New DeTar doctor offers electrical treatment for hearts
Aug. 14, 2014 at 4 p.m.
Updated Aug. 14, 2014 at 9:06 p.m.
People are often said to have a heart of gold. In reality, it's more like a heart of electricity.
The human heart is a powerhouse designed to keep blood pumping using a system of electrical conduction. Electrophysiology is the science of diagnosing and treating abnormalities that arise within this intricate electrical impulse system.
DeTar Healthcare System now provides electrophysiology services in the cardiac catheterization lab at DeTar Hospital Navarro. Facilities include procedure rooms designed for diagnostic studies and the treatment of cardiac arrhythmias and for the complex management of pacemaker and implantable cardioverter-defibrillator.
Dr. Jasvinder Sidhu, electrophysiologist, recently joined the DeTar medical staff. He has 14 years of experience and the specialized skills to perform advanced procedures, such as cardiac ablation, cardioversion, pacemaker and ICD implantation, diagnostic EP studies and more.
Sidhu received his medical degree from the University of Michigan in Ann Arbor. He completed his internship in internal medicine and residency at University Hospitals of Cleveland in Cleveland. He is board-certified in internal medicine, clinical cardiac electrophysiology and cardiology by the American Board of Internal Medicine.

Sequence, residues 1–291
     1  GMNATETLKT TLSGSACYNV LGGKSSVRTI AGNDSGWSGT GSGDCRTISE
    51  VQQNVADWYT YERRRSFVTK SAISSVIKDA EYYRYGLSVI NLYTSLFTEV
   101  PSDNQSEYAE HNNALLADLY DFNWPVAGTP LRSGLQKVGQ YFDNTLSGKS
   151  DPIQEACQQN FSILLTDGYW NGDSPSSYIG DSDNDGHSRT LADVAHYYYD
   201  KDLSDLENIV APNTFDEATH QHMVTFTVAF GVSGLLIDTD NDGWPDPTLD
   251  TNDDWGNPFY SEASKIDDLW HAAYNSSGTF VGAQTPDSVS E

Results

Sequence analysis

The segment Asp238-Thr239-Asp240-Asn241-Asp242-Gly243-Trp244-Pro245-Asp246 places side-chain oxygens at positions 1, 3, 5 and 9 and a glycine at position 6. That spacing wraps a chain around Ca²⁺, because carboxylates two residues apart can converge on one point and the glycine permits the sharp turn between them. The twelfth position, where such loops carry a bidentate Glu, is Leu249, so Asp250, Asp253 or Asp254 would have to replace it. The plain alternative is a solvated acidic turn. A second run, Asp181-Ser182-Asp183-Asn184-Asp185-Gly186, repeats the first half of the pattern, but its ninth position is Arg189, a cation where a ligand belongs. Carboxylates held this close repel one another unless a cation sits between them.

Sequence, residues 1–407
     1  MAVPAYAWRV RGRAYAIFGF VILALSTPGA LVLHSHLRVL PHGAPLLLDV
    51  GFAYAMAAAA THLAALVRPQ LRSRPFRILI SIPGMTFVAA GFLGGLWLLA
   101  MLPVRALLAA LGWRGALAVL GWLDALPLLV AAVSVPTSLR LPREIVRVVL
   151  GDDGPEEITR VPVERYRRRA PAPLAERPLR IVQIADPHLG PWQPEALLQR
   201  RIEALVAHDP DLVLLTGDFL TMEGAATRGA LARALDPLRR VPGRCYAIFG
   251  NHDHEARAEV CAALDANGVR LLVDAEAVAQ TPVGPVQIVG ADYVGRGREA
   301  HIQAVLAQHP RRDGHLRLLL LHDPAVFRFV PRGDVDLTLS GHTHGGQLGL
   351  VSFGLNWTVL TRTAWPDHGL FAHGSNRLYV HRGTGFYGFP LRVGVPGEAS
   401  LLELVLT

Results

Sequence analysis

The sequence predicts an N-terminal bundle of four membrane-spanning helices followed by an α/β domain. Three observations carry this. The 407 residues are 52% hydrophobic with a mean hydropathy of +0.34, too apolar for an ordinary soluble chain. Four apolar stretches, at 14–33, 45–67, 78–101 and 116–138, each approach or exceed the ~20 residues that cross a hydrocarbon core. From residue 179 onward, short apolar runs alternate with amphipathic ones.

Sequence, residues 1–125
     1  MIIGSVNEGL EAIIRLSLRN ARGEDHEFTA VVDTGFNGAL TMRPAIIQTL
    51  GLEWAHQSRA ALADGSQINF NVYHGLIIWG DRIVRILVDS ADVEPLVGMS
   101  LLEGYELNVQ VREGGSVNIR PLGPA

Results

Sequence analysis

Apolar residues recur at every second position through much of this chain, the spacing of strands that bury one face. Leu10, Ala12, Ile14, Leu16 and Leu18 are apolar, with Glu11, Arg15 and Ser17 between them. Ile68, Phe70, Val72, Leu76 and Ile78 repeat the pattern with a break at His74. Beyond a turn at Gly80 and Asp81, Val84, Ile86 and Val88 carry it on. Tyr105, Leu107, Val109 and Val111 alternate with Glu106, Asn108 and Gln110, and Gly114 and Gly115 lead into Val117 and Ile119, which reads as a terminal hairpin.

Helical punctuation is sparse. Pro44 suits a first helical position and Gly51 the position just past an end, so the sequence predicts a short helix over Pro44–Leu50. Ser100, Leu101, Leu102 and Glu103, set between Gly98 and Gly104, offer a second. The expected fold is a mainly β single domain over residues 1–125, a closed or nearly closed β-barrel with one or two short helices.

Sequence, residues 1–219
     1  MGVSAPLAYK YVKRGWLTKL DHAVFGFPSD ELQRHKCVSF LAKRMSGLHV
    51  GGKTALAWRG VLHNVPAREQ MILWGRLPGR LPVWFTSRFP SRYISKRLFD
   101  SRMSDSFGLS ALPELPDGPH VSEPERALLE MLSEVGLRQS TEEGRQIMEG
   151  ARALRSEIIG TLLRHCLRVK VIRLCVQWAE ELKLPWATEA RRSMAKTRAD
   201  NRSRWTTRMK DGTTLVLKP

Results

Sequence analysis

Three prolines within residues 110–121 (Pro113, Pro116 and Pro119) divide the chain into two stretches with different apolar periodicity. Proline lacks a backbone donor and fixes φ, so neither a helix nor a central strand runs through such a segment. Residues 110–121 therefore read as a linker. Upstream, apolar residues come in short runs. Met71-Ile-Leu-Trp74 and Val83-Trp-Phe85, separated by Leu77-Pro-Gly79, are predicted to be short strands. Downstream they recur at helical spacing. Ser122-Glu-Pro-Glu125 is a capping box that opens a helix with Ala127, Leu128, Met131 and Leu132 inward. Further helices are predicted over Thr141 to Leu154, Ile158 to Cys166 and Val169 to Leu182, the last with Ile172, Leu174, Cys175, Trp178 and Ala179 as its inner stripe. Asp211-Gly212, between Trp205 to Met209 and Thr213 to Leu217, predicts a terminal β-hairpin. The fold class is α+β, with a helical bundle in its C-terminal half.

"In a normally functioning heart, the electrical impulses cause the heart to contract and relax at regular intervals to pump blood to the body and the vital organs," said Sidhu. "When these pulses are disturbed - they pump too slow, too fast or irregularly-the abnormalities are called arrythmias. Electrophysiology uses advanced technology to detect, diagnose and treat these arrhythmias."
Detecting and diagnosing arrythmias requires special equipment, which is available in the DeTar Cath Lab. The stimulator allows the physician to accurately pace the heart's rhythm, the recorder senses electrical circuits of the heart and 3-D mapping technology gives the physician an accurate view of the heart's anatomy to enable better diagnosis and treatment of abnormal circuitry.
"Electrophysiology requires four things - the ability to pace, sense, ablate tissue and shock the heart," Sidhu added. "DeTar has invested a great deal in technology and human resources to bring this community the treatment it so greatly needs."
Sidhu complements the heart team at DeTar, which includes three cardiovascular and thoracic surgeons, three interventional cardiologists and a full staff of cardiac care nurses and radiology technicians with more than 76 years of combined experience in the cardiac cath lab.
Sidhu will see patients in his office at 605 E. San Antonio St., Suite 510E.